Six years ago the European Monitoring Centre on Racism and Xenophobia (EUMC) created a “working definition” of antisemitism. Some European countries had no definition of antisemitism, and the few which did had different ones, so it was very difficult for monitors and data collectors to know what to include or exclude. The “working definition,” while clearly stating that criticism of Israel in the main is not antisemitic, gives some examples of when antisemitism may be in play, such as holding Jews collectively responsible for acts of the Israeli state, comparing Israeli policy to that of the Nazis, or denying to Jews the right of self determination (such as by claiming that Zionism is racism). In recent years the US Department of State and the US Commission on Civil Rights have embraced this definition too.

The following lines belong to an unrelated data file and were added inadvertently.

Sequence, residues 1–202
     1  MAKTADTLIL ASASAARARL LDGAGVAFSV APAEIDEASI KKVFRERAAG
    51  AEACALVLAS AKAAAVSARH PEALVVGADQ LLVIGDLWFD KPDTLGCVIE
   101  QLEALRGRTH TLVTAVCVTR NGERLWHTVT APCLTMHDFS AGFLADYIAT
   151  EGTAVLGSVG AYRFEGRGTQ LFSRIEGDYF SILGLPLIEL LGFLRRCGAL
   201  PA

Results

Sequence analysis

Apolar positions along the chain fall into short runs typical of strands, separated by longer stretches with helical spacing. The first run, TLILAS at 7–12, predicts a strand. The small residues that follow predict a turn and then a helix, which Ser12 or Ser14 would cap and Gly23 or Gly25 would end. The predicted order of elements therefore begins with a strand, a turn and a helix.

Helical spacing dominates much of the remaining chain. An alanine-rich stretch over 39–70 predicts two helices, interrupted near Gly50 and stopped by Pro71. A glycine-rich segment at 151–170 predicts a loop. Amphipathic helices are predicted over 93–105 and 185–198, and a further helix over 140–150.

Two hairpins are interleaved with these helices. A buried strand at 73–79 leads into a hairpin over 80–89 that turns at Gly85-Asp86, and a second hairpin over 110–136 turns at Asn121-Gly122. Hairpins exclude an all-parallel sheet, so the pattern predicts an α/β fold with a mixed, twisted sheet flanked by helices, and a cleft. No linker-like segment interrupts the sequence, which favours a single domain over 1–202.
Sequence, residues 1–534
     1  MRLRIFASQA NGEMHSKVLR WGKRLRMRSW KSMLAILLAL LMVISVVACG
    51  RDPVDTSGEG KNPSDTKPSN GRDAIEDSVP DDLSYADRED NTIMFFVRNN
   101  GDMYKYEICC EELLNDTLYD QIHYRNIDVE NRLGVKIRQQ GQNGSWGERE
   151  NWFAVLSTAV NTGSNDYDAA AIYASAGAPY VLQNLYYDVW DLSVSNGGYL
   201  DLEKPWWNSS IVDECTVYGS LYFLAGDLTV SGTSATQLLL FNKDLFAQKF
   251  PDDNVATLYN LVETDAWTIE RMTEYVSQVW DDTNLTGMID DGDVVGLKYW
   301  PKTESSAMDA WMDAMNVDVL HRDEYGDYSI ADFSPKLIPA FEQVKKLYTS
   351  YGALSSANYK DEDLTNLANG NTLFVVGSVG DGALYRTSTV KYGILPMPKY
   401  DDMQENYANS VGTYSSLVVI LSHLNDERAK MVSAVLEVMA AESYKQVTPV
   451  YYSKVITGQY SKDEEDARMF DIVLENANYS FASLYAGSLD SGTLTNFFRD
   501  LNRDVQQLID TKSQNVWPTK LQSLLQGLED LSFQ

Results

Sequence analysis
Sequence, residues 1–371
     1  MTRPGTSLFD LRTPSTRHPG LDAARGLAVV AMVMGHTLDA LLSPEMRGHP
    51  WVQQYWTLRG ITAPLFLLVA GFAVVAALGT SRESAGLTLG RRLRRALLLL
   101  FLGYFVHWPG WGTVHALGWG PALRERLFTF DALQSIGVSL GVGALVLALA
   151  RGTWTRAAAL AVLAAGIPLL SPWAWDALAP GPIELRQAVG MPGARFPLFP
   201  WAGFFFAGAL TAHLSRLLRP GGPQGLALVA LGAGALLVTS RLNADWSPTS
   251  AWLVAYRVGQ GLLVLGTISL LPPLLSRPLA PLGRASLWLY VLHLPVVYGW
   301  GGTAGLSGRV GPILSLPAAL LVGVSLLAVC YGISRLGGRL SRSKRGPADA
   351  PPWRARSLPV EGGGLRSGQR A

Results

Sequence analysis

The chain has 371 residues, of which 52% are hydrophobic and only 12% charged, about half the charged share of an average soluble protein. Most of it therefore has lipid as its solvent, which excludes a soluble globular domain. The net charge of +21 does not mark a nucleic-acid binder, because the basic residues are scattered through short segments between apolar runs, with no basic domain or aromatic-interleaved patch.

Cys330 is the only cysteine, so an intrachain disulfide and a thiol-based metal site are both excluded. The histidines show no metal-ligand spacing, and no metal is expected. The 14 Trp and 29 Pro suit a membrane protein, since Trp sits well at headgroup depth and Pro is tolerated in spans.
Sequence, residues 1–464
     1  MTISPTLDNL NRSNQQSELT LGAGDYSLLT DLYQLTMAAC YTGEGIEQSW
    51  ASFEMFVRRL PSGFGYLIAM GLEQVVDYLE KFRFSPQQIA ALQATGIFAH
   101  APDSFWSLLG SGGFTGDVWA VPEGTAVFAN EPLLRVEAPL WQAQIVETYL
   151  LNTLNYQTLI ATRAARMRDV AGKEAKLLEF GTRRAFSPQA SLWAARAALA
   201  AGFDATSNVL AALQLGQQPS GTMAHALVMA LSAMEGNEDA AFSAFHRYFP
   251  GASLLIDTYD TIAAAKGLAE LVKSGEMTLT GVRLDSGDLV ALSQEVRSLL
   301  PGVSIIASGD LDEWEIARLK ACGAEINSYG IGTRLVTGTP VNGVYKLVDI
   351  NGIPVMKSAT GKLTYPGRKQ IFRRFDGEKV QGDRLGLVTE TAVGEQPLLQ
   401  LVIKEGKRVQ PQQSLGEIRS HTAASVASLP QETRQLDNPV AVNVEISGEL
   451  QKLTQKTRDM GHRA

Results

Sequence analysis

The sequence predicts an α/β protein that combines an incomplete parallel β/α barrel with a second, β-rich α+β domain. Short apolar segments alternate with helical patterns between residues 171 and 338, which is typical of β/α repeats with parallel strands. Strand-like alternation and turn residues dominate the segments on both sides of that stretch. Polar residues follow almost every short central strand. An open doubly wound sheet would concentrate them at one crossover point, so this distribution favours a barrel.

It is entirely proper for university administrators, scholars and students to reference the “working definition” in identifying definite or possible instances of antisemitism on campus. It is a perversion of the definition to use it, as some are doing, in an attempt to censor what a professor, student, or speaker can say. Because a statement might be “countable” by data collectors under the “working definition” does not therefore mean that Title VI is violated. To assert this not only contravenes the definition’s purpose (it was not drafted to label anyone an antisemite or to limit campus speech), it also harms the battle against antisemitism.